UK e-Borders Scheme Could Face Axe Under EU Law

The UK Government plans to roll out the £1.2 billion e-Boarders programme have been dealt a blow after a committee of MPs warned that such a system might be illegal under the EU treaty.

The group, headed by labour MP, Keith Vaz, said that keeping a log of all travellers entering or leaving the country from other European countries would be a violation of the EU Treaty.

Calling for the programme to be halted, Keith Vaz, who is acting as the chairman of the committee, declared that "The major stumbling block, and a very disappointing oversight, is that we are sure that what the programme requires will be illegal under the EU Treaty."

He further stated that "The programme is intended to cost the taxpayer £1.2 billion and may be illegal. It is shocking that money has already been spent on a programme which could never be implemented."

The group of MP calls for the project to be temporarily halted but the UK Border & Immigration Minister Phil Woolas argued that the e-Borders was fully compliant with EU Law and claims that this was confirmed by the EU Commission.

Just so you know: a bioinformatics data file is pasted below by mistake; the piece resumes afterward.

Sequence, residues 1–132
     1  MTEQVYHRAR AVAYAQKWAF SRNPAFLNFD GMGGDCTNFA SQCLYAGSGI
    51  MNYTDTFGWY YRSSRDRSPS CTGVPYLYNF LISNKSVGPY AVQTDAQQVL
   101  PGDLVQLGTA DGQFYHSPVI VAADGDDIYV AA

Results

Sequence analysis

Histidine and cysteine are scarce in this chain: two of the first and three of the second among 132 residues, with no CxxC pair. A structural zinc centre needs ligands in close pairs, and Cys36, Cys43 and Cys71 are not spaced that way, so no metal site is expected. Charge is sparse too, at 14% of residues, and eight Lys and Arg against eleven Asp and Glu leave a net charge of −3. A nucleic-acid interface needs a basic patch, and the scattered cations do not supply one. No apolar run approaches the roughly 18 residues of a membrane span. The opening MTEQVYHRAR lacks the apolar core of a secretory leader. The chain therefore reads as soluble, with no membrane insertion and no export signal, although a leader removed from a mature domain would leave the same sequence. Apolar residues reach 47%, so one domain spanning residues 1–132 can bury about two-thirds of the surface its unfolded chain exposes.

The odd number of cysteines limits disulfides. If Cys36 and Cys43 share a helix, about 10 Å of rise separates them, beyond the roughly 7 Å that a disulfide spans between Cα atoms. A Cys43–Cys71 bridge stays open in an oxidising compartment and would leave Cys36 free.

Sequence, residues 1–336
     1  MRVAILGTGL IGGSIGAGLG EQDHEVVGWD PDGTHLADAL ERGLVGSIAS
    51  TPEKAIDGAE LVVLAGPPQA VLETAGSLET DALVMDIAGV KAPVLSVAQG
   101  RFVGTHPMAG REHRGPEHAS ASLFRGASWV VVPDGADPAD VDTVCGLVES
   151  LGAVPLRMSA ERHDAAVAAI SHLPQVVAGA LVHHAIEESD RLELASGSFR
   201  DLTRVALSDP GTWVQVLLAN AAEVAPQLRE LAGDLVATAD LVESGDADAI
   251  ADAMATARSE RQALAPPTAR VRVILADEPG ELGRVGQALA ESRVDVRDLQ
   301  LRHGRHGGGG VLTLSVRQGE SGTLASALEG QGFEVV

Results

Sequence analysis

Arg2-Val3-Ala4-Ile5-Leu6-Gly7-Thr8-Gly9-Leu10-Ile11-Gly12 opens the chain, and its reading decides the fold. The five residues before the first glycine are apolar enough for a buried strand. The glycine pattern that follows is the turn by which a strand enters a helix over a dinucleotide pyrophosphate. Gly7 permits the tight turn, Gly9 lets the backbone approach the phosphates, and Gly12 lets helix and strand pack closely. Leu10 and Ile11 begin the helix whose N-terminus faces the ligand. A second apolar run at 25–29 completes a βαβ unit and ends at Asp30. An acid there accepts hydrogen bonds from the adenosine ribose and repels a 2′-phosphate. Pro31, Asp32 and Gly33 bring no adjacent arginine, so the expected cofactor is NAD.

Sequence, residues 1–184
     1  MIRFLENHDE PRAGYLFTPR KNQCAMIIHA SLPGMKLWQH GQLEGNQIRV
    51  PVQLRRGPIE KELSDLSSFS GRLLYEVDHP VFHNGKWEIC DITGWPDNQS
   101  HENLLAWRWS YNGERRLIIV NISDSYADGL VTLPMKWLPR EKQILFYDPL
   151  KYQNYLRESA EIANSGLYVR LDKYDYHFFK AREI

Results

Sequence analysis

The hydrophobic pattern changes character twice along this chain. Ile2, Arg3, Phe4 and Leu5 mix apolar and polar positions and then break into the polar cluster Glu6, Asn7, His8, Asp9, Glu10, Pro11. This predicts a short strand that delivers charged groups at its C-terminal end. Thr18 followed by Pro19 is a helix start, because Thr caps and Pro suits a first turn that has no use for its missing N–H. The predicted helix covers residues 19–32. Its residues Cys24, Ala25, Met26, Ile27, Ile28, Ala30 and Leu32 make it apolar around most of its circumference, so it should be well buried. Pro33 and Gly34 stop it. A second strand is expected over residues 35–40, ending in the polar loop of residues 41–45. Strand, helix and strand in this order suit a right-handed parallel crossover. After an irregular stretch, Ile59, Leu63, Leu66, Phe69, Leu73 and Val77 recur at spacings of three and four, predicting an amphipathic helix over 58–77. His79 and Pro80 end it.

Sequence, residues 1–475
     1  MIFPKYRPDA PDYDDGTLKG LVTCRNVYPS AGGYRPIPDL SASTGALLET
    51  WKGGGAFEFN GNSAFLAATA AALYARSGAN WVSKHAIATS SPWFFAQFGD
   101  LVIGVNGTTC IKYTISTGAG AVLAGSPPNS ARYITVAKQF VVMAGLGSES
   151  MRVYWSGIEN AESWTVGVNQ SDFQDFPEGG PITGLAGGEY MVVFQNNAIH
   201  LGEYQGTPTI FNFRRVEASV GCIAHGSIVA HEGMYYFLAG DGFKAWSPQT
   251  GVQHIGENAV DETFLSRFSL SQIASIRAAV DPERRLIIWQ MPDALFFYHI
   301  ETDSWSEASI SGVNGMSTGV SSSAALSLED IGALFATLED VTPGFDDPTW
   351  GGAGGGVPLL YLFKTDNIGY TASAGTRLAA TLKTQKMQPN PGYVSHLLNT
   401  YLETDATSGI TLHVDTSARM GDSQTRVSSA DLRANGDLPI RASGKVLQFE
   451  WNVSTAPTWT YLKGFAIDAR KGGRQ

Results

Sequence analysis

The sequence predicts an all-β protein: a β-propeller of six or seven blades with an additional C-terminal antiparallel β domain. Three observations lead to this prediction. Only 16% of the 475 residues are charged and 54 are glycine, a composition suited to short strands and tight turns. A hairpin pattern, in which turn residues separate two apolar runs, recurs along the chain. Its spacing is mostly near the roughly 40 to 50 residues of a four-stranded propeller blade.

The UK Government wanted to boost the e-Borders programme - a joint venture between the UKBA and Trusted Borders Consortium - to make it run at 60 percent of its capacity by the end of 2009 and is expected to be fully operational by 2014.

Our Comments

The fact that Keith Vaz is a Labour MP is quite embarrassing; rather than quietly asking his colleague, Phil Woolas, about potential issues that the e-Borders programme might encounter, he decided instead to publicly question the government's plans.

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